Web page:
Tijan Sallah

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Tijan Sallah
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Personal details
Tijan M. Sallah

(1958-03-06) 6 March 1958 (age 65)
Serekunda, Kombo Division, The Gambia, West Africa
Nationality Gambian/American
Education Virginia Polytechnic Institute and State University
Berea College
Rabun Gap-Nacoochee School
AwardsYWAG Prize for Gambian Literature

Tijan M. Sallah (born 6 March 1958) is a Gambian poet and prose writer. [1]


Early life

Tijan Sallah was born in Serekunda, The Gambia, on 6 March 1958. [2] His mother was of Wolof ethnicity and his father was a Tukulor, who, according to Sallah, was a descendant of the ruling families of Futa Tooro. He attended koranic schools (locally known as daras) from the age of four, [3] before entering Serrekunda Primary School, where he describes his teacher Harrietta Ndow as having been particularly influential. [4] He then entered St. Augustine's High School, run by Irish Holy Ghost Fathers, and was exposed to classical British literary texts (Shakespeare's plays, Orwell's and Dickens' works, etc.) and the Bible. Although his father, Momodou Musa Sallah (Dodou Sallah), was imam of the local mosque in Serekunda, he did not mind his son studying the Bible, as it was part of the heritage of the Abrahamic religions. [5] [6]

Under these influences and encouraged by his teachers at St. Augustine's High School, in particular Joseph Gough, Sallah became interested creative writing and started writing poetry by his third year. He published his first poem, "The African Redeemer", a poem paying tribute to Kwame Nkrumah, in the St. Augustine's school newspaper, Sunu Kibaro. [1] [7] This early poem had been uncharacteristically compliant to the traditional forms of rhyming and was clearly influenced by the English classics he had been studying. [8] Lenrie Peters, the founder of Gambian literature, was a major influence on Sallah's work by this stage, as Sallah took his poetry to Peters's clinic for him to critique it. Peters wanted to promote Sallah's work, he managed to arrange for Sallah to appear on Bemba Tambedou's national radio programme, Writers of The Gambia. [1] [9] Having graduated from St. Augustine's in 1975, [9] Sallah worked for two years as an audit clerk in the Customs Department and then in the Government Post Office, and at the same time tried to secure a scholarship to continue his studies at the United States. [10]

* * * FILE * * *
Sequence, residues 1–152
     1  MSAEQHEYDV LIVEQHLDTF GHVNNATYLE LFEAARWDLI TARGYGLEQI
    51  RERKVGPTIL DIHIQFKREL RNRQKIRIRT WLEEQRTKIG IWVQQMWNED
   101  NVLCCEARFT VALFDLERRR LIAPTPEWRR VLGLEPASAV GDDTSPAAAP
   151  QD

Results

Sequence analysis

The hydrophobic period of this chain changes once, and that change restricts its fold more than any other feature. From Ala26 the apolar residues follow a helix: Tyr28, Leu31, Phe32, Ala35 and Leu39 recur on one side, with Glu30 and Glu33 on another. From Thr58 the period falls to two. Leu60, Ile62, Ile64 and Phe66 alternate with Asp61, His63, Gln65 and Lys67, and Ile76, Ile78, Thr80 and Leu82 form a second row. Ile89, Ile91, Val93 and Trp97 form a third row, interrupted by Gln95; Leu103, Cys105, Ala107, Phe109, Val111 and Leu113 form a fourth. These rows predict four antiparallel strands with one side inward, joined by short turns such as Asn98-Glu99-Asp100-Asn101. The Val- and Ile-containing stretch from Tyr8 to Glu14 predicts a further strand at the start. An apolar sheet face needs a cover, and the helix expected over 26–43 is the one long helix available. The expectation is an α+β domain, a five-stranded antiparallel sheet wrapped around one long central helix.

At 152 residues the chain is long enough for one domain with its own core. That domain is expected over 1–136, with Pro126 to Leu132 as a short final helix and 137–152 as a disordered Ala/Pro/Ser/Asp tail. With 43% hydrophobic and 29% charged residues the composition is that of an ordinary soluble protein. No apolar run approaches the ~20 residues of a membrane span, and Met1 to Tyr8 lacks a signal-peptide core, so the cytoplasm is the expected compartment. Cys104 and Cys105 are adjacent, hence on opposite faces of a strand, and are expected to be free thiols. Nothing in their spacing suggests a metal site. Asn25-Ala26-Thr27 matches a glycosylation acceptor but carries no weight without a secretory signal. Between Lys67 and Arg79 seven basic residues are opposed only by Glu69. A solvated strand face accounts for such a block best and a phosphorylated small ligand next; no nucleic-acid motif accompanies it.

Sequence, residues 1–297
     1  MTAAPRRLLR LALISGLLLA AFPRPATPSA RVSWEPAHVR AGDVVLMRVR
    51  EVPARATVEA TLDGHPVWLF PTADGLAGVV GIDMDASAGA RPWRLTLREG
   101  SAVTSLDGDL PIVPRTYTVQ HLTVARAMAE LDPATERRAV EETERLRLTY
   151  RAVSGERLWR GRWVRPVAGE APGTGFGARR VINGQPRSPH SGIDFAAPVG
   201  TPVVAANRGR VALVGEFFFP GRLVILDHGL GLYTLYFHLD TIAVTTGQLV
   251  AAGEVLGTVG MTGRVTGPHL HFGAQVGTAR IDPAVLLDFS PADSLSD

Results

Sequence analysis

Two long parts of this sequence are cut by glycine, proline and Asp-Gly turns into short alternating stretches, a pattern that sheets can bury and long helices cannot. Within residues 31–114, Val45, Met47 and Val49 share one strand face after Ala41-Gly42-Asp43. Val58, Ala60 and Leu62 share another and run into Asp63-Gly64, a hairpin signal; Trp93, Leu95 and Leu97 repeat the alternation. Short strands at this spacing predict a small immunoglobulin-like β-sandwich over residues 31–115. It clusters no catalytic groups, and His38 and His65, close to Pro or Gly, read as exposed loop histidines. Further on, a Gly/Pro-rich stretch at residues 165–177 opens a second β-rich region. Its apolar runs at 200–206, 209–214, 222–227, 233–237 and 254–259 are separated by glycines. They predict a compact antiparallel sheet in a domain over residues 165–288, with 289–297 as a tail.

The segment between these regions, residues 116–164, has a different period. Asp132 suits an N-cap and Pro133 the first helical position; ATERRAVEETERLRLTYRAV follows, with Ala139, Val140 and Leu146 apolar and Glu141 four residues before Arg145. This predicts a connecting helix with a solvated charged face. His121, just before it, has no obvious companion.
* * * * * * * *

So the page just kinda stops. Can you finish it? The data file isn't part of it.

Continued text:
In 1977, Sallah went to the United States to study at Rabun Gap Nacoochee School in Rabun County, Georgia. [10]

Literary career

In Georgia, Sallah was influenced by Lloyd Van Brunt, an American poet who had been organising literary workshops at his high school, who was impressed by Sallah's writing. He published his first poem in the United States, "Worm Eaters", a satiric poem about hypocrisy in the Atlanta Gazette of February 1978; and also ran the school newspaper at this time. After graduating with honours at Rabun Gap, he continued on to Berea College in Kentucky, where he also worked as a dishwasher in his first year to fund his studies. [9] He was then employed as a tutor by the English department, and edited three college journals. [9] [1] He came under the influence of several prominent Appalachian writers, Jim Wayne Miller, Lee Pennington, Bill Best, and Gurney Norman. Sakkah published several poems and short stories in Appalachian, American, African and European publications and edited several of the campus literary publications. At Berea College, he also came in touch with a distinguished Indian philosopher and literary figure, Professor P. Lal, publisher of the Writers Workshop series in Calcutta, India, who at the time was a visiting professor of Hindu philosophy at Berea. Upon hearing Sallah read his poetry, he was impressed and requested a manuscript to consider for publication.[ citation needed ]